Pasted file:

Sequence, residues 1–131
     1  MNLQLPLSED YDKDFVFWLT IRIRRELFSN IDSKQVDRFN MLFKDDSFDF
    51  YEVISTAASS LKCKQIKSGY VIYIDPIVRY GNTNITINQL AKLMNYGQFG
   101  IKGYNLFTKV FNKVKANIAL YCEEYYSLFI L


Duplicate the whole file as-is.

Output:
Sequence, residues 1–131
     1  MNLQLPLSED YDKDFVFWLT IRIRRELFSN IDSKQVDRFN MLFKDDSFDF
    51  YEVISTAASS LKCKQIKSGY VIYIDPIVRY GNTNITINQL AKLMNYGQFG
   101  IKGYNLFTKV FNKVKANIAL YCEEYYSLFI L